3 Reasons Not to Accept a Counter Offer


It’s understandable why you might want to accept a counter offer. After all, it’s an environment you know and there’s security in that.

But there are some pitfalls that come with saying ‘yes’ both to your personal brand and potential career trajectory. Here are 3 of them.

The diminishment of trust is a very real phenomenon that both parties experience once a counter offer is accepted and the dust settles. First of all, you essentially had to leave to get a raise, or better working conditions or…you get the picture. Why did the company almost have to lose you to recognize your value? From their end, you almost left once. Perhaps you’ll leave again. You need to assess why a counter offer was made and what you truly stand to gain by staying with your organization before you make a decision.

According to the recruiting firm CyberCoders, 4 out of 5 people who accept a counteroffer leave within nine months of doing so. Knowing this, ask yourself why you wanted change in the first place. Did you feel that your skills weren’t recognized, or that there was no room for growth? Will a bump in pay really help to create lasting change? Take some time and evaluate why you wanted to go. Ask yourself if those reasons are still in play.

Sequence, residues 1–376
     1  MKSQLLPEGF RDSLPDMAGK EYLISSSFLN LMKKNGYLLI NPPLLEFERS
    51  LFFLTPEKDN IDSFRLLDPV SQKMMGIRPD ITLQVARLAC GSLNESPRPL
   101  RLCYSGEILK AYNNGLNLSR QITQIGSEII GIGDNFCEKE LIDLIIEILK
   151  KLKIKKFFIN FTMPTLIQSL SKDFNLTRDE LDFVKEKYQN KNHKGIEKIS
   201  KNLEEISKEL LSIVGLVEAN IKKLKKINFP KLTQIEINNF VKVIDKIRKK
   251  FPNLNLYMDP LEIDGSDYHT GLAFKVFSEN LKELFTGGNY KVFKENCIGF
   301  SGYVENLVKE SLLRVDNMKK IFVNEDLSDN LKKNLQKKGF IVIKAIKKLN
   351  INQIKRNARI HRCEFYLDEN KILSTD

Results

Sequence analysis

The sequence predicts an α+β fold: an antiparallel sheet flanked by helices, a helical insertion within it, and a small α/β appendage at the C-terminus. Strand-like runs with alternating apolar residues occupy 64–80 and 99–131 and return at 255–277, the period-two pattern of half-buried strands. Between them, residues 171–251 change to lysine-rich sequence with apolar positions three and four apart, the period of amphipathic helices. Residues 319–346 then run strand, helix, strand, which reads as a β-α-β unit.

Damage to Your Brand
Let’s say you’ve already accepted another job. What does it do to your professional and personal brand to turn around and accept a counter offer? In a nutshell – it’s not a good thing. You potentially position yourself as unreliable and that doesn’t help your cause down the road should you return to job search mode.

Counter offers are typically extended to benefit the hiring manager. This is not to say that it can’t work to stay with your organization. It’s just that you need to reflect on why you want a change and whether accepting a counter offer is a wise career move. Then make your decision from there.